Musings of a Magpie Mind: Priorities: Pigeons, whippets and prize veggies

My grandfather was a pitman. So were his brothers and some of his cousins.

Granddad’s pet priorities.

My grandfather was a pitman. So were his brothers and some of his cousins. Those who didn’t put in a 10 hour shift, six days a week at the coalface, worked in the Tyneside shipyards, building ocean liners for the Atlantic trade or battleships for the Royal Navy and for Japan’s Imperial Fleet.

Two of granddad’s cousins decided to emigrate and try their luck in the Nova Scotia mines, but when the seams there started to run out, they caught a train to the West Coast and ended up working up in the Nanaimo coalfield. The arrival of the Greenwells there virtually coincided with a bloody confrontation between the mine owners and the pitmen, who were encouraged by American union agitators to strike for better wages, a higher standard of work-safe regulations and the vision of union benefits.

So at that time, Ladysmith was the scene of bloody turmoil, rioting, arson and the eventual expulsion of some miners from their little company homes by the unscrupulous and uncompromising mine owners. The provincial government naturally sided with the bosses and reinforced their strike breaking efforts by sending in a company of armed militia. After a year, the strike petered out. The miners lost the battle.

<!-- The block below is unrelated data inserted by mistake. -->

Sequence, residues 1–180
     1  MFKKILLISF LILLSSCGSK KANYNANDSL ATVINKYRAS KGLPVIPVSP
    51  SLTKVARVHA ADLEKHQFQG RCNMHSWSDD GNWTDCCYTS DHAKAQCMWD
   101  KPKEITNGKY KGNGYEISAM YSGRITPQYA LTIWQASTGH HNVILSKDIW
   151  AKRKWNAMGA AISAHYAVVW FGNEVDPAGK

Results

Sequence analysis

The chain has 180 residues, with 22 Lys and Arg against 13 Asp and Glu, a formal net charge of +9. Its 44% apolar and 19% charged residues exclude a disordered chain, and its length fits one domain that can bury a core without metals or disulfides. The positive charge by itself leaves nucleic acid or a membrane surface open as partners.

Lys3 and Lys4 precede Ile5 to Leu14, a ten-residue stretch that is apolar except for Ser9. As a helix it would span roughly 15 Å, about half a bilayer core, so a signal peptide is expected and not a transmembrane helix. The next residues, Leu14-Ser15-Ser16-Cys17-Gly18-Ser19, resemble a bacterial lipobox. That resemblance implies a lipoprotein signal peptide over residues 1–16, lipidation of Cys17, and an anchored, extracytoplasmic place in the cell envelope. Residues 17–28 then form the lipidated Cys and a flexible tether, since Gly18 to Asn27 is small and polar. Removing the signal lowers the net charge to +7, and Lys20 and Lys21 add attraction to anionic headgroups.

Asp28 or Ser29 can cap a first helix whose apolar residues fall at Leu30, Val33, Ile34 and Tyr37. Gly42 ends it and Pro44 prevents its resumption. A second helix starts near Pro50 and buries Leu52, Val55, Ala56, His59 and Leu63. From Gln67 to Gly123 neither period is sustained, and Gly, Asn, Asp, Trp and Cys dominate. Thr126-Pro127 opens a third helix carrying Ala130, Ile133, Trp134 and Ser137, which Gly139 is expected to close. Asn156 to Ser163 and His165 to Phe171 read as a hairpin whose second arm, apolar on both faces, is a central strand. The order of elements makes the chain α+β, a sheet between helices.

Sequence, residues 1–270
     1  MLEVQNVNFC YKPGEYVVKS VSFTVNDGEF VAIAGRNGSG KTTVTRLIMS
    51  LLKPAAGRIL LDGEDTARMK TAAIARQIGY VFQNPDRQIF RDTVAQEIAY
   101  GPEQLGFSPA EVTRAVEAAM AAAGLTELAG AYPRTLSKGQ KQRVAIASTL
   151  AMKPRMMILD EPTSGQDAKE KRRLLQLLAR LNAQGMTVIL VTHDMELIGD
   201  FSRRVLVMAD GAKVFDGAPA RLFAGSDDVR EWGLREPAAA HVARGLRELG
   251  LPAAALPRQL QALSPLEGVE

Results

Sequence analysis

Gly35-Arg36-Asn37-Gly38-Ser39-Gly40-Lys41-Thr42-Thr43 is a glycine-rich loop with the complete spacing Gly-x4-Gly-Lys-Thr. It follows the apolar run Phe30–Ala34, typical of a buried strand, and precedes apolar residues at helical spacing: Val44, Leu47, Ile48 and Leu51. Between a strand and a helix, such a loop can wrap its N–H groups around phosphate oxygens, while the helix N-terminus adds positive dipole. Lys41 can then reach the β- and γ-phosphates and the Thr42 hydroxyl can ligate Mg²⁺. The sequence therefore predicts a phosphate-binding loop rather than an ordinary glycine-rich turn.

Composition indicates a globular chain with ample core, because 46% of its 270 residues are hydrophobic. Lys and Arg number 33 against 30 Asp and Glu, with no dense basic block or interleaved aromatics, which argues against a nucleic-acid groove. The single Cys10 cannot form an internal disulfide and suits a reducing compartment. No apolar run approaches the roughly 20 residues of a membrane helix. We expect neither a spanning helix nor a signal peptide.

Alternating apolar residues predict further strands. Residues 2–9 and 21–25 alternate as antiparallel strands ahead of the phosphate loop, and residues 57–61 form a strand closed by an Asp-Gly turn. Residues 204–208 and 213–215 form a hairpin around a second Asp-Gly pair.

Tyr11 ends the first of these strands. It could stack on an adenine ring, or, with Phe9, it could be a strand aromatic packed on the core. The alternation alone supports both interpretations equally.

It was an accepted fact of working life that conditions in the Vancouver Island coal galleries weren’t just wet, humid and dust-choked. They were also dangerous, because adequate safety measures were frequently ignored by company supervisors. ‘Firedamp’, a lethal combination of methane, hydrogen and swirling coal dust could seep along the shafts and be detonated by a slight spark from a pick or the presence of a candle flame, in the days before the safety lamp was invented.